On December 27, 2016, Plaintiff commenced this suit pro se by seeking leave to proceed in forma pauperis (“IFP”). Doc. 1. Plaintiff motion for leave to proceed IFP was granted the same day. Id. In his original complaint, Plaintiff named the following as Defendants: Montgomery County; Naphcare; a “Ms. Theresa”; a “Ms. Vallery”; Jane Doe #1; and John/Jane Doe x25. Doc. 3 at PageID 39. Plaintiff never served the original complaint on any of the Defendants named therein.

         On March 15, 2017, Plaintiff filed an amended pro se complaint prior to the completion of service of process on any Defendant and prior to the time any responsive pleading was filed in the case. Doc. 8. The Federal Rules permit Plaintiff to amend his complaint as a matter of course without leave having been previously granted by the Court. Fed.R.Civ.P. 15(a)(1). Thus, as of the filing of the amended complaint, it superseded the original. See Drake v. City of Detroit, Michigan, 266 Fed.Appx. 444, 448 (6th Cir. 2008) (stating that “an amended complaint super[s]edes all prior complaints). In that properly filed amended pro se complaint, Plaintiff named three Defendants: Montgomery County Sheriff Phil Plummer; Montgomery County; and Naphcare. Doc. 8 at PageID 53. Accordingly, as of March 15, 2017, Theresa, Vallery, and all Jane and John Doe defendants were no longer defendants in this action. See Hal Roach Studios, Inc. v. Richard Feiner & Co., 896 F.2d 1542, 1546 (9th Cir. 1989); see also doc. 28 at PageID 104.

         In a Report and Recommendation issued on May 22, 2017, Judge Merz -- to whom this case was then assigned -- clarified that the case was before the Court on Plaintiff's pro se amended complaint and that the Sheriff, Montgomery County, and Naphcare were the only named Defendants in this case. Doc. 28 at PageID 104. In addition, Judge Merz recommended that the pro se amended complaint be dismissed as against Naphcare pursuant to Fed.R.Civ.P. 4(m) for lack of service of process and that the amended complaint as against the Sheriff and the County be dismissed for failure to state a claim upon which relief can be granted. Doc. 28 at PageID 104-06.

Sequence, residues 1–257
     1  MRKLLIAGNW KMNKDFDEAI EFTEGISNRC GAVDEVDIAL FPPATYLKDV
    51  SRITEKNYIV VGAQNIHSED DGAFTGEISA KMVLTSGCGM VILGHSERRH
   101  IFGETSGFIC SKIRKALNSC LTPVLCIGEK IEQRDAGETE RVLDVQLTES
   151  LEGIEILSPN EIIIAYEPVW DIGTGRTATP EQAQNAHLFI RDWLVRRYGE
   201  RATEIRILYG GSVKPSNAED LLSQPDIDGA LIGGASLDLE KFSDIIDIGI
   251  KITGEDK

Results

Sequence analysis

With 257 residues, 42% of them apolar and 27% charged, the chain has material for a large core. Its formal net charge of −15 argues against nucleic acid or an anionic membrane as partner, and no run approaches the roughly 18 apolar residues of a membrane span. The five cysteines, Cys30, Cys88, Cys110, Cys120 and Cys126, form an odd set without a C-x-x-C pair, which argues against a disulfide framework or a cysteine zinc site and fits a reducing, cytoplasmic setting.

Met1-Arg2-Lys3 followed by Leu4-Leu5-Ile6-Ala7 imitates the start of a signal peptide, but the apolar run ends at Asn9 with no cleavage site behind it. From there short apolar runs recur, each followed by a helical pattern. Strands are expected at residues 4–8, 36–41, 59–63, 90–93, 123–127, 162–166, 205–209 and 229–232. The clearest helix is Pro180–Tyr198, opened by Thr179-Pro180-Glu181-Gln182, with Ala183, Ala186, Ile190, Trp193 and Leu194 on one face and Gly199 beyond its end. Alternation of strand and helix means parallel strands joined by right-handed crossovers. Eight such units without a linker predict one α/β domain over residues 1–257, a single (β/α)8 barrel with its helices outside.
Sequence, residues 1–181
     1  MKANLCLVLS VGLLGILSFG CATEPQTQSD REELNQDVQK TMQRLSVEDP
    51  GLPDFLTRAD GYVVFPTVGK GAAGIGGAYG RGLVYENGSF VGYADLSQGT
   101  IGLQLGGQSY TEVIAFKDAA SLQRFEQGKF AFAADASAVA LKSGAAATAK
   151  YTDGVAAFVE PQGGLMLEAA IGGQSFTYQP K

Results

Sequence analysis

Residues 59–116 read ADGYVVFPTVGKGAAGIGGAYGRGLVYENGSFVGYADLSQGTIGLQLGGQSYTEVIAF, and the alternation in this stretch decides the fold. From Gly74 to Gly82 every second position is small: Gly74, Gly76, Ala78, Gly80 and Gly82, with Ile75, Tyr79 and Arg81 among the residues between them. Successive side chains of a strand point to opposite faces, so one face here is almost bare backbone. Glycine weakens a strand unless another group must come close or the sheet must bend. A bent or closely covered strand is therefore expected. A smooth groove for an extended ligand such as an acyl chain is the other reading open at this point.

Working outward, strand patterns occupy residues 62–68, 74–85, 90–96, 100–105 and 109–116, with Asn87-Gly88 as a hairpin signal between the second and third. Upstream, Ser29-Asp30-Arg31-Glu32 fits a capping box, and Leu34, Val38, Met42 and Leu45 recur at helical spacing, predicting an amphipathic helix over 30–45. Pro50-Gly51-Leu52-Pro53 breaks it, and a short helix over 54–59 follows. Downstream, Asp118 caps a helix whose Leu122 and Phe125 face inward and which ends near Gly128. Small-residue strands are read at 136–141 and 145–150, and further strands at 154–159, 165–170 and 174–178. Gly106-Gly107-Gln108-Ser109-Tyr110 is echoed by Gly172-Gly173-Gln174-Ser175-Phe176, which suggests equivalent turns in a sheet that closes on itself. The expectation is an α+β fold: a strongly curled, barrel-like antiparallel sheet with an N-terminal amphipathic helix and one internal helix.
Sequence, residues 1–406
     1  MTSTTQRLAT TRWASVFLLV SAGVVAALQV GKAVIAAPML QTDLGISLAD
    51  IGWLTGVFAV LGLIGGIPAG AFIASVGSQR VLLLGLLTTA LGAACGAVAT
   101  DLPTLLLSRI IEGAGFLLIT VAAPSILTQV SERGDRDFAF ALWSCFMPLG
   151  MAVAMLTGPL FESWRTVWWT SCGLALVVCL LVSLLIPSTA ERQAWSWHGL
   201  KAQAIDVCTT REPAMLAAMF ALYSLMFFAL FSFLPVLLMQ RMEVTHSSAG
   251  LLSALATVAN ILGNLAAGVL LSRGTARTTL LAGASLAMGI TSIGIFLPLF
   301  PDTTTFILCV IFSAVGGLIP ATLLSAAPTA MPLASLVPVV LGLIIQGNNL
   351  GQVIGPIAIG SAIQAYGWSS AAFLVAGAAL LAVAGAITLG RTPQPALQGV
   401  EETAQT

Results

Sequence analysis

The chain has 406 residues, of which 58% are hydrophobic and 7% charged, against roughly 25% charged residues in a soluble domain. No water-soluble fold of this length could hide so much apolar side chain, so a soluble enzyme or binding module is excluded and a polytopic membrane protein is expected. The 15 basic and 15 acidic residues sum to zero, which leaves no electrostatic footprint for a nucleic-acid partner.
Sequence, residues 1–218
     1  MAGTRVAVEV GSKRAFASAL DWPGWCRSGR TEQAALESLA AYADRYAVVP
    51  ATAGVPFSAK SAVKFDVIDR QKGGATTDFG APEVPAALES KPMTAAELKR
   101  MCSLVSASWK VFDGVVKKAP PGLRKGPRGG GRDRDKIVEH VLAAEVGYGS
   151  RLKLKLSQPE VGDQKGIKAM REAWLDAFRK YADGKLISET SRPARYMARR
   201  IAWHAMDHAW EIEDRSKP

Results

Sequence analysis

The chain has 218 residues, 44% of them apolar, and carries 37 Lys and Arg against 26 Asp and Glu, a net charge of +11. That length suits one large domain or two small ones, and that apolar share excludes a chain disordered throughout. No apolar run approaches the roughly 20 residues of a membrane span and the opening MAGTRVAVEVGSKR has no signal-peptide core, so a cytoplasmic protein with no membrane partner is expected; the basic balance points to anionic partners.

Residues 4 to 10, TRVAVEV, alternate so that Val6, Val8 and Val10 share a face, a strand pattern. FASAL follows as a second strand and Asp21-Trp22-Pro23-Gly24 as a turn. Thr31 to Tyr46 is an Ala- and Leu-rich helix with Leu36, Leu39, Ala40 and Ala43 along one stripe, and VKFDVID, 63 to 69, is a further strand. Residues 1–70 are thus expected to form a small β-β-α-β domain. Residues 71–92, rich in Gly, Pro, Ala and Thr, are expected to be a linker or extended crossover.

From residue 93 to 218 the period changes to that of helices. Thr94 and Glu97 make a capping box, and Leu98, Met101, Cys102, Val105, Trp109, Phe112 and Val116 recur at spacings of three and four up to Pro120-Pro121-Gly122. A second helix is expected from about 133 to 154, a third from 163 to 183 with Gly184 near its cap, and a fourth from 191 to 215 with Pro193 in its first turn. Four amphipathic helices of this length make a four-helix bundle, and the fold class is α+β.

Subsequently, Judge Merz stayed the case in an effort to find counsel to represent Plaintiff. Doc. 33. Thereafter, at the beginning of January 2018, counsel entered an appearance on behalf of Plaintiff. Docs. 36, 37, 39. Plaintiff, through new counsel, objected to the Report and Recommendation issued by Judge Merz (doc. 40) and, on January 31, 2018, moved for leave to file a second amended complaint (doc. 43). After briefing by the parties, Judge Rose granted Plaintiff's motion for leave to file a second amended complaint on February 15, 2018. Doc. 47. Upon granting Plaintiff leave to file a second amended complaint, the Court found the Report and Recommendation -- regarding dismissal of Plaintiff's amended complaint -- to be moot. Id.; see Drake v. City of Detroit, Mich., 266 Fed.Appx. 444, 448 (6th Cir. 2008) (noting that, upon the filing of an amended complaint, all previous complaints in the case are “a nullity, because an amended complaint supercedes all prior complaints”).

         On February 20, 2018, Plaintiff, through counsel, filed his second amended complaint (doc. 49, thus mooting and replacing the allegations in the amended complaint. See Drake, 266 Fed.Appx. at 448. In the second amended complaint, Plaintiff names the following Defendants: the Montgomery County Board of Commissioners; Montgomery County Sheriff Phil Plummer in his official capacity; Naphcare; Naphcare nurse Theresa Wallace in her individual capacity; and Naphcare nurse Valerie Beirise in her individual capacity. Doc. 49 at PageID 200-01. Plaintiff therein asserts claims under 42 U.S.C. § 1983 alleging that: (1) Defendants were deliberately indifferent to his serious medical needs; and (2) the County Defendants are liable pursuant to Monell v. Dep't of Soc. Servs., 436 U.S. 658, 690-91 (1978) ...